May 7, 2018.
My life has changed immeasurably since welcoming my son, Jack, into the world 4 months ago. It takes twice as long to leave the house as it used to. There always seems to be one tiny sock missing after laundry day and I have become very skilled at eating with one hand while holding a wriggly, busy baby.
Since Jack is not yet mobile, I haven’t had to deal with many bumps and bruises yet. In the few instances I have had to soothe a startled or hurt baby, I instinctively use the “kiss the boo-boo and make it better” mantra. I have a feeling this placebo is known to caregivers worldwide. Of course kissing the boo-boo has no real effect on making said boo-boo feel better. It doesn’t clean the wound or stop the bruise from coloring. Even if the bump doesn’t create any real pain at all, kissing the boo-boo does one very important thing: it acknowledges. By acknowledging that a child feels hurt or scared, we send the message that his/her/their feelings matter. It doesn’t judge. It doesn’t ask “how did this happen?” It doesn’t lay blame or guilt. It simply creates empathy at its most basic level.
As we age, the placebo effect of the boo-boo kiss wears away. But our need to be acknowledged does not. With movements like “me too” and “never again,” we are called to acknowledge. We don’t have to experience something to acknowledge that the feelings of those affected are real. We don’t have to work with youth to empathize with them about the real fear they face going to school every day. We aren’t required to judge whether something should or should not have caused such pain, nor are we required to lay blame. And as hard as it may be in the immediacy of the moment, we are also not required to ask “how did this happen?”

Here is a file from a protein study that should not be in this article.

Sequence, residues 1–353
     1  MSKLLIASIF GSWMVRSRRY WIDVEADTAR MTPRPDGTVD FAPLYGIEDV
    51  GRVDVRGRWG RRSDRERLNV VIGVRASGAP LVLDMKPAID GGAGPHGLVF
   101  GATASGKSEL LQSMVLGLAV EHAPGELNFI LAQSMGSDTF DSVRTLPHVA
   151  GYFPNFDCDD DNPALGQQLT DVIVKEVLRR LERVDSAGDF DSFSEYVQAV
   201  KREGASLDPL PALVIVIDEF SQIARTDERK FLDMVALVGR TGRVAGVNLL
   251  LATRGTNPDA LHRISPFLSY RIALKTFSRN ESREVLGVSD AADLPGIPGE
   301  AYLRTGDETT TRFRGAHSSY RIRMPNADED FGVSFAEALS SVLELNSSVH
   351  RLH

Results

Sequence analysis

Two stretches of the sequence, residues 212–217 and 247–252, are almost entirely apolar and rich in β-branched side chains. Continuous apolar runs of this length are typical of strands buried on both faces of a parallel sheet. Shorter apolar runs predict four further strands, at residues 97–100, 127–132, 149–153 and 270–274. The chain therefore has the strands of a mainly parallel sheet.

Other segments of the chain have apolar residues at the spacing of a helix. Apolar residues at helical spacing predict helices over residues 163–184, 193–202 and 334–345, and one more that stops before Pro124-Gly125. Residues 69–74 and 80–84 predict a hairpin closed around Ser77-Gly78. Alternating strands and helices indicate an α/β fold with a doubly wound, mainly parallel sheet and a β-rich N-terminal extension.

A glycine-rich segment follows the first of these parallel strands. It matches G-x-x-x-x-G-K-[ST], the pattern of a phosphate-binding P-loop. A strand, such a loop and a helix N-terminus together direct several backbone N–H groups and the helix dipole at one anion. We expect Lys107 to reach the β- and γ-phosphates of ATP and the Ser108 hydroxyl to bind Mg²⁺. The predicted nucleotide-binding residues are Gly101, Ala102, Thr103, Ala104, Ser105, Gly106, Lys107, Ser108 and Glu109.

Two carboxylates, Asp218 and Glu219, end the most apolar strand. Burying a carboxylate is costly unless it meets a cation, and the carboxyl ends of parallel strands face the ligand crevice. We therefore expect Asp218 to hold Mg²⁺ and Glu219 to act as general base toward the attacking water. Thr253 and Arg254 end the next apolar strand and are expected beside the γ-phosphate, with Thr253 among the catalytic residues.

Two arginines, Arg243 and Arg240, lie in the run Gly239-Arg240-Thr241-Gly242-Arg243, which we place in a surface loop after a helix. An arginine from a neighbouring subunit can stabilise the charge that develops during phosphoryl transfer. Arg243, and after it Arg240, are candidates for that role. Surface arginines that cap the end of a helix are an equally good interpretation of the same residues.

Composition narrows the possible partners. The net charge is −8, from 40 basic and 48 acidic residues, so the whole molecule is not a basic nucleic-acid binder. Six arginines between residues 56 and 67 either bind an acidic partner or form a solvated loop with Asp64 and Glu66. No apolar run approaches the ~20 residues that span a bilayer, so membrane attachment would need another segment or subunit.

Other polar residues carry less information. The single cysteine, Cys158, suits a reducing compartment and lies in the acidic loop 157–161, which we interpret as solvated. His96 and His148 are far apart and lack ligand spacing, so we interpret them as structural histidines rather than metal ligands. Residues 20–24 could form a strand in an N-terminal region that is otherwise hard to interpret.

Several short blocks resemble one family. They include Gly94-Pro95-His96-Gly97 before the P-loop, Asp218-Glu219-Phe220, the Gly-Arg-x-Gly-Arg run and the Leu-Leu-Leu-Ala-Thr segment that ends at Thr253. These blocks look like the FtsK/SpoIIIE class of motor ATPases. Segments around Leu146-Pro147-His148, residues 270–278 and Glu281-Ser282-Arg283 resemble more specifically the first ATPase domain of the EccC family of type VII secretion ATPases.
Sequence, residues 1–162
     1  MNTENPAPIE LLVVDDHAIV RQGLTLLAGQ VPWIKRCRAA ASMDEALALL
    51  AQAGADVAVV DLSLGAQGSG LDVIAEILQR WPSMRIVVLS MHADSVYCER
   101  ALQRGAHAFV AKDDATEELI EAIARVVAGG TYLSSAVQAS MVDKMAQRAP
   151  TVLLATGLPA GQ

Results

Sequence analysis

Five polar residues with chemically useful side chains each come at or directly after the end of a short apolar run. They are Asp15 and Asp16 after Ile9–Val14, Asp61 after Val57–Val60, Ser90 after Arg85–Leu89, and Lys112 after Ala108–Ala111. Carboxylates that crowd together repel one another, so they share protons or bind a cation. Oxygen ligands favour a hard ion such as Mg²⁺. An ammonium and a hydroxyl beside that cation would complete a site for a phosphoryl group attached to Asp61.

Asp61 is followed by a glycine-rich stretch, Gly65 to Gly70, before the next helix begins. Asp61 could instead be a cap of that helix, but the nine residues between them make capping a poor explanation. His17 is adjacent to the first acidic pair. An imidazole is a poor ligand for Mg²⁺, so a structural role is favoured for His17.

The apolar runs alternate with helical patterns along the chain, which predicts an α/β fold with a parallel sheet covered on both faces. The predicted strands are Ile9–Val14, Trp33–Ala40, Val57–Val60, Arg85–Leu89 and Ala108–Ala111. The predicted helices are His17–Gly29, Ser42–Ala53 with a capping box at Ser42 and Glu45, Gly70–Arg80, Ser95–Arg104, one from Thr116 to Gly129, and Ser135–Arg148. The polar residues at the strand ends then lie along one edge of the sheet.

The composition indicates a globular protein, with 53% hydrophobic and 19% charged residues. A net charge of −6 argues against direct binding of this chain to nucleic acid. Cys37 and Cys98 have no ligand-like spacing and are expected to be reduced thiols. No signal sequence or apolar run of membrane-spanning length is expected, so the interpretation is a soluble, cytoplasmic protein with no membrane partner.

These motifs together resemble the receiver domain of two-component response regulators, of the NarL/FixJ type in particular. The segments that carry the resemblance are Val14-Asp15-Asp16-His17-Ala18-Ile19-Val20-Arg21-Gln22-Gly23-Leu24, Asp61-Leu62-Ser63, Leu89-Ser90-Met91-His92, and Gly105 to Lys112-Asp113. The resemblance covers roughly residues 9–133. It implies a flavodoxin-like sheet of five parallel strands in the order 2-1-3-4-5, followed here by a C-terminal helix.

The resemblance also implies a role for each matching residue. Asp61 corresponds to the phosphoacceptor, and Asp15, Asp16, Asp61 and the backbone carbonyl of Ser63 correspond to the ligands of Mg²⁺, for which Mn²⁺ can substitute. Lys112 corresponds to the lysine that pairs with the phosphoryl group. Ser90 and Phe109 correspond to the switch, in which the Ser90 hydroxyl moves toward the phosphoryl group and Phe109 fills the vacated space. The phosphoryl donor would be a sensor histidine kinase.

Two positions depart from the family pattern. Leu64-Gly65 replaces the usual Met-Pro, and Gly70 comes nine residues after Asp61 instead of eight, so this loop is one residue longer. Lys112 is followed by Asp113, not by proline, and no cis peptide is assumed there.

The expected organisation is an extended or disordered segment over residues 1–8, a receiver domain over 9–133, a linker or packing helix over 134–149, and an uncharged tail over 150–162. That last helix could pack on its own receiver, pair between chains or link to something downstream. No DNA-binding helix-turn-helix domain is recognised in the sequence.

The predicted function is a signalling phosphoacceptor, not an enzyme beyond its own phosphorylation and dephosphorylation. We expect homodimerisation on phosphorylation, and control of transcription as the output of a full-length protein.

Last fall on an overnight to Massadoah, the youth exemplified acknowledgement perfectly. On a hike down the mountain, some of the hikers encountered a swarm of yellow-jackets. At least half of the youth and chaperones were stung as they hurried down the trail. When they returned to the house, those who hadn’t been stung were ready and waiting to do whatever was needed to help. Some got ice, some looked up the best remedies for stings and some simply stood by offering space for the fear and hurt to subside. This last piece is the hardest for us to do. Our instincts tell us to offer words of comfort, hugs, hands or a story of how we might have experienced the same thing in the past and what we did to “get over it.” It is so hard to stand by and do nothing but hold space … for adults. Children and youth seem to do it automatically. Youth may not always have the words to offer comfort, but they help in a much-more powerful way by silently acknowledging the whole person, exactly as they are in that moment.
We can learn so much from children and youth in moments of fear, trauma and hurt. Sadly, recently we have had too many unexpected lessons from them. May we take our cues from these incredible and brave youth, including those in our own congregation, to be reminded that our job as caregivers to each other is to kiss the boo-boo, hold space and whisper, “I’m here.”